6. Get Help:
All of us need the support of others, especially when we are trying to change a fairly ingrained aspect of ourselves. So, find support and accountability in your significant other, friend, colleague, or group. Tell them what you need and help them with their own challenge. You will find that if you commit to another person and are willing to be held accountable, you will make progress quicker than you ever could alone.

  7. Don't Give Up:
Change is hard and changing ourselves is really, really hard. Remember, practice is difficult and will be uncomfortable because our "old" ways are "comfortable" habits. So, when things get challenging or when you feel it's too difficult, remember this is just part of the process and that eventually your practic e of the new will overcome the habits of old. Keep in mind that with each new behavioral pattern we create, we are actually laying down new brain pathways. So, each time to do the new behavior, it becomes easier to do it the next time. If you are committed to the long haul of personal transformation, practice these new things enough times so they "stick" and become your "normal." When you do, you will see your old ways fade, experience a new sense of pride and be a role model for those in both your personal and professional lives.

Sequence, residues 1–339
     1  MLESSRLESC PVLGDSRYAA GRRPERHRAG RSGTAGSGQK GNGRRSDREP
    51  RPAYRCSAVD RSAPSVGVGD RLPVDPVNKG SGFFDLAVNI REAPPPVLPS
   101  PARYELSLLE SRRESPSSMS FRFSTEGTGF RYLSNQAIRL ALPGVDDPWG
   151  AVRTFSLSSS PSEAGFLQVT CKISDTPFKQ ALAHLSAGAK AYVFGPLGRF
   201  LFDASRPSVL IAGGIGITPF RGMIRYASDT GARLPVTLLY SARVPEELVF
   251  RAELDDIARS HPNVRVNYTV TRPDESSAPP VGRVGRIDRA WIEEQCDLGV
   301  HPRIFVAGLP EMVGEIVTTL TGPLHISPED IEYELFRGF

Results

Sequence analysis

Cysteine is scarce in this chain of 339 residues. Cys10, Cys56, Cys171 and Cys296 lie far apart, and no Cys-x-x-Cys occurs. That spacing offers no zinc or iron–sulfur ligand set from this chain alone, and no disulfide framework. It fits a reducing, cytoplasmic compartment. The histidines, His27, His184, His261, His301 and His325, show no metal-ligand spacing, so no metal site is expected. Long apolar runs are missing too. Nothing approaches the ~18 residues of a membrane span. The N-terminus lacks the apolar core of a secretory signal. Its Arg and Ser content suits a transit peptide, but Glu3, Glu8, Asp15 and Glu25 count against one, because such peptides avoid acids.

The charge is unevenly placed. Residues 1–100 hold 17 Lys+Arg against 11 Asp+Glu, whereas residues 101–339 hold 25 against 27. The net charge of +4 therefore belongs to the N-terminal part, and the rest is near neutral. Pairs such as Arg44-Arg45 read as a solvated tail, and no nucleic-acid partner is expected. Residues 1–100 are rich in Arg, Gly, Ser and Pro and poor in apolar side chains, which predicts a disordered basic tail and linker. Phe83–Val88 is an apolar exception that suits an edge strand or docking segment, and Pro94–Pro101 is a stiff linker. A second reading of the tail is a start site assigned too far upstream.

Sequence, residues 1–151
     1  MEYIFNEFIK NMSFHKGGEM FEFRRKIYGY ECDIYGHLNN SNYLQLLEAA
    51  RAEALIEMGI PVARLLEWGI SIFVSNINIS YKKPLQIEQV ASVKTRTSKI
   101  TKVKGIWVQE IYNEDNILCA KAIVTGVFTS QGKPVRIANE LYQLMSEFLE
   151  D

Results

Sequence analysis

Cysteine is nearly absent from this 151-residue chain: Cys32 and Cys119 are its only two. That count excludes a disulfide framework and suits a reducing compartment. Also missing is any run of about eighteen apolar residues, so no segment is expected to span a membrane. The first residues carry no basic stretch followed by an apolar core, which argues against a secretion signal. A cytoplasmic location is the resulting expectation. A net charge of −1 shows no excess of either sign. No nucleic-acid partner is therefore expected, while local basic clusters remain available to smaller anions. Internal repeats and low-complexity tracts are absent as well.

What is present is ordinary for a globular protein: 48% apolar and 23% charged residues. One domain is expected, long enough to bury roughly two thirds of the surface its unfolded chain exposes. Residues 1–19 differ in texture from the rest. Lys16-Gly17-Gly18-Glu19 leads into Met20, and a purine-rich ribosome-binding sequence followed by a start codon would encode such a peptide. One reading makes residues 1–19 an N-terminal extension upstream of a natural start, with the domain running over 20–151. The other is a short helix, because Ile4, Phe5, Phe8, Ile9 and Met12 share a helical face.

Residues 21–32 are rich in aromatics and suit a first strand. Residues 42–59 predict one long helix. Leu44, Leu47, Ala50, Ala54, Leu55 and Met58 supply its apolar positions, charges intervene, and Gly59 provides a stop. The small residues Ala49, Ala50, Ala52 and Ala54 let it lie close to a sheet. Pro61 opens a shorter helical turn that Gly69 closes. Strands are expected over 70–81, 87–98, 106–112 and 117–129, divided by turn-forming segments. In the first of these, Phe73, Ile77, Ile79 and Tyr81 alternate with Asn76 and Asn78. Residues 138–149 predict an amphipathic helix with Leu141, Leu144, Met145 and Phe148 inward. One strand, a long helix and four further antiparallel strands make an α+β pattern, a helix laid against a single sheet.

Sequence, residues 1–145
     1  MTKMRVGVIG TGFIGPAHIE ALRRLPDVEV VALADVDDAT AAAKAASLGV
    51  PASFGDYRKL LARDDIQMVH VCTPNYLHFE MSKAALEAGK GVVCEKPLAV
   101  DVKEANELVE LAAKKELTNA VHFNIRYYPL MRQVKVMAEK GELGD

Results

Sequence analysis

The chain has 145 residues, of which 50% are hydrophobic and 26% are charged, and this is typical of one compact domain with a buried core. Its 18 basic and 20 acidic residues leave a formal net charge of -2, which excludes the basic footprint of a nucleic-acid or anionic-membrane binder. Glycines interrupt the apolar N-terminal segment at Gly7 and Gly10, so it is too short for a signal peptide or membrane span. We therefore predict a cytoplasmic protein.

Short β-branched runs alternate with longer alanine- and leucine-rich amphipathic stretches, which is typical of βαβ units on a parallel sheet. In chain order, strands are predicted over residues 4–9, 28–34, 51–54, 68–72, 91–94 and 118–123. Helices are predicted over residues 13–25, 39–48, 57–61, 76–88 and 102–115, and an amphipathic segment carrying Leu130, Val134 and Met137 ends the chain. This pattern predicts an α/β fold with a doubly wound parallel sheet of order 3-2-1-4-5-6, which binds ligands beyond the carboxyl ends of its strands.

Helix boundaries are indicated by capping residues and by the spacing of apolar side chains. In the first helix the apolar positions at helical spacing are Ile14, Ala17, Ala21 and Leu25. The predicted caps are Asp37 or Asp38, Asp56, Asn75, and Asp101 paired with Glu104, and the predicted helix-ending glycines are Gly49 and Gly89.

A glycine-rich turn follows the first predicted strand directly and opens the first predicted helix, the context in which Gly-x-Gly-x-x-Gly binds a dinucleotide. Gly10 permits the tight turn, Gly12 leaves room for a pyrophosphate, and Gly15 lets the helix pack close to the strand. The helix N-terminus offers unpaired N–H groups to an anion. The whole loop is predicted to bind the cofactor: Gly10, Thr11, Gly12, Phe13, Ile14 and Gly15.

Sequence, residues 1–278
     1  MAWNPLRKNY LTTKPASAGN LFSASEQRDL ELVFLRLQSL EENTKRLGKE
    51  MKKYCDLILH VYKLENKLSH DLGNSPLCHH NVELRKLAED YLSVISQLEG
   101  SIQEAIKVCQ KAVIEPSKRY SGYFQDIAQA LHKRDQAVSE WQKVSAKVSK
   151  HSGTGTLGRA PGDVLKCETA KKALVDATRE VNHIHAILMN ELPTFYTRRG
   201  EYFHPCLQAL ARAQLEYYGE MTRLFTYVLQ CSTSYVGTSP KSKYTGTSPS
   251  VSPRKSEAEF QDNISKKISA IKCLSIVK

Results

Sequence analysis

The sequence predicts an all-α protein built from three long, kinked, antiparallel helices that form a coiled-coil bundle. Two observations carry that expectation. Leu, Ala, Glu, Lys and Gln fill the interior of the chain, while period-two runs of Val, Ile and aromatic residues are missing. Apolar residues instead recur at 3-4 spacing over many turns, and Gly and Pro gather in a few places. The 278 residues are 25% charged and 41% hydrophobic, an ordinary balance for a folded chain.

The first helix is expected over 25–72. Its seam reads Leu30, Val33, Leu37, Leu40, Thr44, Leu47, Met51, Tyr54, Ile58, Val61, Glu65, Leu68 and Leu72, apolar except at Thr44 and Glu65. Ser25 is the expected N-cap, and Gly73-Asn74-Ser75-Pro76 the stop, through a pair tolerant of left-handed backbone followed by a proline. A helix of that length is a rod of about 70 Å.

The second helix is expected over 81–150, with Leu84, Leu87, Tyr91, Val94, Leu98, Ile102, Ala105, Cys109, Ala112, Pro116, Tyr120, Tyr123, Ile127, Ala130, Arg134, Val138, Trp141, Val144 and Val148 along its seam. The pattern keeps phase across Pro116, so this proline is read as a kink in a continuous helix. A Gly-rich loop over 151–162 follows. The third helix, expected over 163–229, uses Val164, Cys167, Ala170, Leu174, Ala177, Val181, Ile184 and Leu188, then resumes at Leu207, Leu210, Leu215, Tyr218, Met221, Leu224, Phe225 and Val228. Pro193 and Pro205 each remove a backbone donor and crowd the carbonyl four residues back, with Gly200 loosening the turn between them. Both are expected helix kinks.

Good Luck & let me know how it goes....
Until next time, stay safe and keep to the Road Less Traveled.....

Dr. Miller

© Kimberly A. Miller, Ph.D. 2016

Dr. Miller is a licensed psychologist, coach and public safety consultant, coach and trainer who helps individuals and organizations reach their next level of excellence. Visit her website (www.KimberlyMillerConsulting.com) for information on her services, upcoming trainings and resources. Contact her at Dr.Miller@KimberlyMillerConsulting.com to learn more about how we can help you and your organization achieve your next level of excellence.  

About Dr. Miller

Kimberly A. Miller, PhD. is Cherokee, a licensed psychologist and an organizational consultant based in Colorado. Dr. Miller has provided a variety of consulting services to law enforcement agencies, non-profits, hospitals, treatment centers, banks and Native American organizations since 2004.
The Doctor Is In
Do you have a question about how to stay on the road to excellence? Are there barriers that are keeping you from your goals?

If so, drop me a note at Dr.Miller@KimberlyMillerCon